But what has changed – what were the guidelines?
The age of introduction of first foods dropped quite markedly in the US during the 20th century and particularly after the success of commercial baby foods from the 1920s – to the point that weaning typically began as early as a month after birth in some populations. There was even that set order of foods: “white cereal rice first, followed by apple-sauce or mashed banana, and progressing on to puréed vegetables and meat”. This rigid American approach was and is not followed universally, however, indicating a lack of consensus on the matter. Today advice on “complementary feeding” can vary greatly between countries.
So what would be a better way of weaning?
Wean onto real foods. Not onto non-foods such as white rice cereal or porridge, as some guidelines will have you do. The traditional weaning of infants onto white (or even brown) rice cereal is not based on some magical nutritional value exclusive to rice cereals without which infants will not thrive. Rather, it is because that is what was decided was good for babies some eight decades ago. The reality is that rice cereal is a nutritionally deficient foodstuff that contains little other than cheap non-essential carbohydrates. Its popularity has been sustained because of the perception that it is a safe foodstuff that is unlikely to produce allergies, and because it is easily digestible (and thus more suitable for premature weaning).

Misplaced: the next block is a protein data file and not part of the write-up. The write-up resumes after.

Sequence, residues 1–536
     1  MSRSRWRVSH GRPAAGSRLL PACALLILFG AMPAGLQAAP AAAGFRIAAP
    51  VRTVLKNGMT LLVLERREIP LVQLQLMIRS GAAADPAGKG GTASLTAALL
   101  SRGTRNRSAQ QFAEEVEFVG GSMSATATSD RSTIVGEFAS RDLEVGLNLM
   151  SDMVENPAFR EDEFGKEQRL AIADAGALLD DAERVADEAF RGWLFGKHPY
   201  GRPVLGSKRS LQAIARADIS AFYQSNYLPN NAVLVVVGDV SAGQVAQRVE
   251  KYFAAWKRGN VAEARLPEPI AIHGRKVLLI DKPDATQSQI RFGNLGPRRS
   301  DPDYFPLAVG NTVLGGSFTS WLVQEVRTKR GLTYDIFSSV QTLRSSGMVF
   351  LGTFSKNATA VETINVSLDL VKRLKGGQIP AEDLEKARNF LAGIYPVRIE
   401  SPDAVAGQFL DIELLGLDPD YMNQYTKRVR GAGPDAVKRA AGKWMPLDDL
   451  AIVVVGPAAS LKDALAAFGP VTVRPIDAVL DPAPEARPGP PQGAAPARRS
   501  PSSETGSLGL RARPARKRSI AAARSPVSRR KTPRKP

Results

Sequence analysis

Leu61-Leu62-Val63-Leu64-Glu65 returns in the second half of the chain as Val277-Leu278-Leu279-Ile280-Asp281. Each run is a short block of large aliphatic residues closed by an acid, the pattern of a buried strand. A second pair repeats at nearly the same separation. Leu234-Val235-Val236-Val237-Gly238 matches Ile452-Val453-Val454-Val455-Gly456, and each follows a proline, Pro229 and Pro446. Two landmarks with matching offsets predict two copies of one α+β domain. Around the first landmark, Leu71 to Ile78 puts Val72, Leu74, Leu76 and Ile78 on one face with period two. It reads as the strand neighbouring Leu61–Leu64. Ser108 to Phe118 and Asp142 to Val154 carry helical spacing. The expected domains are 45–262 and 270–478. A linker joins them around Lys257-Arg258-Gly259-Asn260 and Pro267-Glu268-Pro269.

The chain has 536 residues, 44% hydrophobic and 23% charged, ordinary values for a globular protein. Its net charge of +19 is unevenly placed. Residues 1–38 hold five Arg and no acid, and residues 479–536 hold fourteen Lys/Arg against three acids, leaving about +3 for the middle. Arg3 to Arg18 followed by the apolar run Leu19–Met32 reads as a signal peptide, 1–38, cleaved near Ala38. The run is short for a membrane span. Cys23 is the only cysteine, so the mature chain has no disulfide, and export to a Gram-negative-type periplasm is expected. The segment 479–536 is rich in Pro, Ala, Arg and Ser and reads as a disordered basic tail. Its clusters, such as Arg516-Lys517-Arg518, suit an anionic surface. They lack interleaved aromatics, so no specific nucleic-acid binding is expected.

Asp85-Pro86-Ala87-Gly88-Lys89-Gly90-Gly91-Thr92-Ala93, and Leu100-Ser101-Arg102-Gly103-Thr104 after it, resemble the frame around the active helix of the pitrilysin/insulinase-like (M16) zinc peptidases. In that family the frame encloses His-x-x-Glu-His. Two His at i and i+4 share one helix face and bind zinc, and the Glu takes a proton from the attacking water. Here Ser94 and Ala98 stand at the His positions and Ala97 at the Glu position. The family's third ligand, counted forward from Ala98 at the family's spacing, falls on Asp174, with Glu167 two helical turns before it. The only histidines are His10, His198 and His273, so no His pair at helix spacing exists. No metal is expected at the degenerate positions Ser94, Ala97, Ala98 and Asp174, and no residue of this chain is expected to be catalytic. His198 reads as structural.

What impact does the first 2 years' nutrition have on an infant?
Optimum nutrition in the first 24 months of life is critical, and it’s absolutely essential to focus on the foods and nutrients that assist brain development in this time, especially fats, vitamins, iron, iodine, copper, zinc and selenium. The emphasis of the Feeding of Infants and Toddlers Study authors is to encourage infants to eat more carbohydrates in grains and some “healthier fats”, while drinking low-fat milk. In fact, the focus of early infant nutrition should be on restricting carbohydrates and emphasising the essential fats, proteins, vitamins and minerals provided by nutrient-dense real foods, especially for the proper development of the brain and circulatory system.
The full report on the HPCSA proceedings of 4 June 2015
Noakes hearing postponed until November
Noakes committee comes under the spotlight
Tim Noakes to defend Banting for babies
Noakes' 'real food' may not be kid friendly
Tim Noakes to face inquiry over 'Banting' tweet
Pro low carb diets:
Tim Noakes on how it works and why this is a lifestyle more than a diet
Tim Noakes diet is put to the test
Video: why a low-carb diet is good for you
A scheduled high-fat diet may curb obesity
How a high-fat diet can help diabetics
Video: Tim Noakes talks about his book The Real Meal Revolution
Carb and sugar addiction is fuelling SA's obesity epidemic
Tim Noakes says refined carbs may be toxic
Tim Noakes: the heart disease theory 'has failed'
Tim Noakes: poor children should eat animal organs
Is the Tim Noakes Diet affecting your hair, skin and nails?
Why we get fat, by Gary Taubes
Could the LCHF/ Banting diet help prevent or control ADHD?
Anti low carb diets:
Tim Noakes' critics shun the low carb high fat health summit
Pregnant moms on the high-fat diet may be putting their offspring's life at risk
Why a high-fat diet is bad for the body clock
A high-fat diet could up the risk of pancreatic cancer
High protein diets increase your chances of developing kidney disease
DietDoc asks: why are we always chasing quick-fix diets?Warning issued regarding HFLC and high protein diets
Too much, too soon, Tim Noakes!
Banting/Noakes diet discriminates against women
Noakes slammed by UCT professors
Patrick Holford: banting is dangerous
Heart Foundation's open letter to Tim Noakes
Experts warn against Noakes diet
We debate Tim Noakes on which diet will save the world